A plate of polished copper on which an engraving has been made with a graver, or otherwise. A print or impression taken from a copper plate. — Webster, 1882
The style of Copperplate writing began in the sixteenth century as an alternative to calligraphy, in which the pen was lifted between letters. Here, letters are joined, thus speeding up the writing process. Copperplate refers to several types of shaded script, including roundhand and engraver’s script. Unlike the flat quill or nib used by the calligrapher, roundhand employed a nib that was both pointed and flexible. Thickness of lines depended upon pressure and direction of the strokes; light pressure resulted in thin lines, while heavier pressure produced thicker ones. And because such writing was used in printed material, roundhand script eventually became known as Copperplate.
A simplified outline of the process would begin with writing masters who hand-lettered the desired text. These pages were sent to an engraver, who recreated the fine details of the lettering onto copper plates. The incised lines were rubbed with ink, filling the indentations and remaining after the flat plate itself was cleaned of ink. The image was then transferred to paper using strong pressure. Copperplate script was used on decorative bank checks, legal documents, certificates, currency, and fancy cards and invitations.
A “beautiful” handwriting – such as Mary Power’s – was the result of practice. In the existing manuscript for Little Town on the Prairie, Laura Ingalls Wilder made no comment about Mary Power’s handwriting, and in real life, Mary did not sign Laura’s album with a verse, nor did she have particularly beautiful penmanship (based on surviving samples). She simply wrote in Laura’s album: “Your loving friend, Mary Power. De Smet Jan 16 1882.”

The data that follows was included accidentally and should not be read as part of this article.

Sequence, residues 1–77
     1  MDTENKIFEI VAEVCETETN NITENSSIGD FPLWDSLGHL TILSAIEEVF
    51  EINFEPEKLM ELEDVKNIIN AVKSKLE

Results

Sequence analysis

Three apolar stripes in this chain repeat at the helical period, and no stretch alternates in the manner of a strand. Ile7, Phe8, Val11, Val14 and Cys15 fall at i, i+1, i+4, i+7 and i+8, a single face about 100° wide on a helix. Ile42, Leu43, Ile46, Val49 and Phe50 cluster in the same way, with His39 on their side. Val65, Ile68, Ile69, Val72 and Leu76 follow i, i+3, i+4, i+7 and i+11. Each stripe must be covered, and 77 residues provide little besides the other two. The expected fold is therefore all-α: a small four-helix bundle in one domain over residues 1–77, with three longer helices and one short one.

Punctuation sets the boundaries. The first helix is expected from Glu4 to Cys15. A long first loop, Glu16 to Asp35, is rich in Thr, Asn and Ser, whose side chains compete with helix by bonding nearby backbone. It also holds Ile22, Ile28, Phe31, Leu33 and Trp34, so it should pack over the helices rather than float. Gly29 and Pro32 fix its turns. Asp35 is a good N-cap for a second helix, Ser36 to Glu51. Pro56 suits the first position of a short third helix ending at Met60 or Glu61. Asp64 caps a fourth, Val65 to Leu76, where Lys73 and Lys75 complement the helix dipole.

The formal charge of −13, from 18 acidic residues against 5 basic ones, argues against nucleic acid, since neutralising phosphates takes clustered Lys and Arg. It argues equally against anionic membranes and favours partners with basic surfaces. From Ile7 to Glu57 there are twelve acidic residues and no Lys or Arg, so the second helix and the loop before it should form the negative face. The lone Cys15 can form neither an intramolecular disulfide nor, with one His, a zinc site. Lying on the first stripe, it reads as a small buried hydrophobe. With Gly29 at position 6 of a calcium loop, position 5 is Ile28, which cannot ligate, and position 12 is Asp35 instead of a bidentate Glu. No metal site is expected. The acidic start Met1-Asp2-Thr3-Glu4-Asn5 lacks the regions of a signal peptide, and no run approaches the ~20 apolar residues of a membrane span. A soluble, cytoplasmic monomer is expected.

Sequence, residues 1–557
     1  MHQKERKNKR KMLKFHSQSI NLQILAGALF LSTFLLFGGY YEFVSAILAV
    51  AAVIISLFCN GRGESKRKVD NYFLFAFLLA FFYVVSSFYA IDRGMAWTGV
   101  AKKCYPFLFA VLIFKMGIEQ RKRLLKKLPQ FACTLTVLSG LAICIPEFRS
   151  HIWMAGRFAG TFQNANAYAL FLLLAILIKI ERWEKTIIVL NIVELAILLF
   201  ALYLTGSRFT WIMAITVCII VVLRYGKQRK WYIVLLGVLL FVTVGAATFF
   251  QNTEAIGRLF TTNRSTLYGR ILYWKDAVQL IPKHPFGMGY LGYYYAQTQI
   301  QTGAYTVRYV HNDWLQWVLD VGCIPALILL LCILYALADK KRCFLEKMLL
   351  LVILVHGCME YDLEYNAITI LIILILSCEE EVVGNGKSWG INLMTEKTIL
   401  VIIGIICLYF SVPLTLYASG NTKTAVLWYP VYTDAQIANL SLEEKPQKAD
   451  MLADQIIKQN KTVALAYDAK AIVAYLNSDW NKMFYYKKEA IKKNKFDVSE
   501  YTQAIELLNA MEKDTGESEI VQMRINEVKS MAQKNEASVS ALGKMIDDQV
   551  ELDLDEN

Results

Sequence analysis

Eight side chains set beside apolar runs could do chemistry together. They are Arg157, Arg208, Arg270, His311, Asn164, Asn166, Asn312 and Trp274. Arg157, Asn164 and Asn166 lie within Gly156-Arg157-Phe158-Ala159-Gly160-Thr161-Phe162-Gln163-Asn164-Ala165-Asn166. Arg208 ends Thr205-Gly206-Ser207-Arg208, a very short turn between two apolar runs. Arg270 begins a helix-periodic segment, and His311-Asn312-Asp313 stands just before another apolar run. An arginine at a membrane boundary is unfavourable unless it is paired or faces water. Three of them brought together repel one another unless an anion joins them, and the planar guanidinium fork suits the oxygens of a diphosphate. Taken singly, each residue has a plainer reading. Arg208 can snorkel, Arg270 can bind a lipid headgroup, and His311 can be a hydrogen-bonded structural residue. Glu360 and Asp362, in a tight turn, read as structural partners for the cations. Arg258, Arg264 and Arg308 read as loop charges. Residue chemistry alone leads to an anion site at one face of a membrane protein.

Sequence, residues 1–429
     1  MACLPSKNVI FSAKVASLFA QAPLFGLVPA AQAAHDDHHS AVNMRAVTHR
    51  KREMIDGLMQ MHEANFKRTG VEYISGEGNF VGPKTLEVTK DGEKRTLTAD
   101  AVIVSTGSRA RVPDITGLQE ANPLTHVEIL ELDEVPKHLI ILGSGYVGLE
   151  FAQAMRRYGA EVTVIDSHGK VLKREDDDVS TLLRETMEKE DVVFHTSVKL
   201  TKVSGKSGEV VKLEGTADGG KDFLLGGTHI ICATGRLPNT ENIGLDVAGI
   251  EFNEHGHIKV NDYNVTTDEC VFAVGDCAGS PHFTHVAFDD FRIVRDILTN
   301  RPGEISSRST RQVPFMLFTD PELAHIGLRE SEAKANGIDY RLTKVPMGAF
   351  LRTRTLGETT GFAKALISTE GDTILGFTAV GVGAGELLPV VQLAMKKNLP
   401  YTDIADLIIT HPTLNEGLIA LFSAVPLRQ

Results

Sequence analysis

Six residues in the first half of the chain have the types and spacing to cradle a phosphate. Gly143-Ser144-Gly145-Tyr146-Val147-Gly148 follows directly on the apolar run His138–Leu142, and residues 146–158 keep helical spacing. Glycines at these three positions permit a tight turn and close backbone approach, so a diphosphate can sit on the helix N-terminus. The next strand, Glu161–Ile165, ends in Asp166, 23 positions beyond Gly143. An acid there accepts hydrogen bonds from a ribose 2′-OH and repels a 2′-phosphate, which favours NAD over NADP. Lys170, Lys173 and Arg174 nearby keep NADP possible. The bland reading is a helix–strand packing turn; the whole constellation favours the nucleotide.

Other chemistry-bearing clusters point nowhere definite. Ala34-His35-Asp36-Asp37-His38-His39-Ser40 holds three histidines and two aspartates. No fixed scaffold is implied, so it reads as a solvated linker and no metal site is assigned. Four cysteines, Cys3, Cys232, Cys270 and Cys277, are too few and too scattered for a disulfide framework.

Handwriting was taught in the De Smet schools using copybooks. In the introduction to On the Way Home, Rose Wilder Lane wrote this about her penmanship lessons: “‘Procrastination is the thief of time,’ I wrote twenty times in my penmanship book, without error or blot… every t and d exactly three times as tall; every t crossed; every i dotted.”
During the Little House years, an even more fluid form of writing was often taught, the Spencerian method, named after Platt Rogers Spencer (1800-1864). Spencerian script was a uniquely American form of elaborate handwriting which flourished (with flourishes!) from the mid-nineteenth century until it was replaced by the less flowery Palmer method beginning in about 1900.
Spencer believed that beautiful handwriting was as important as the words themselves, and script was taught that was both legible and beautiful, and could be individualized with scrolls and decorations applied mainly to the upper-case letters. There are a number of subtle differences between Copperplate and Spencerian writing, but in general, Spencerian script had more delicately-shaded lower-case letters than Copperplate.
copper plate (LTP 16), see also autograph album, copper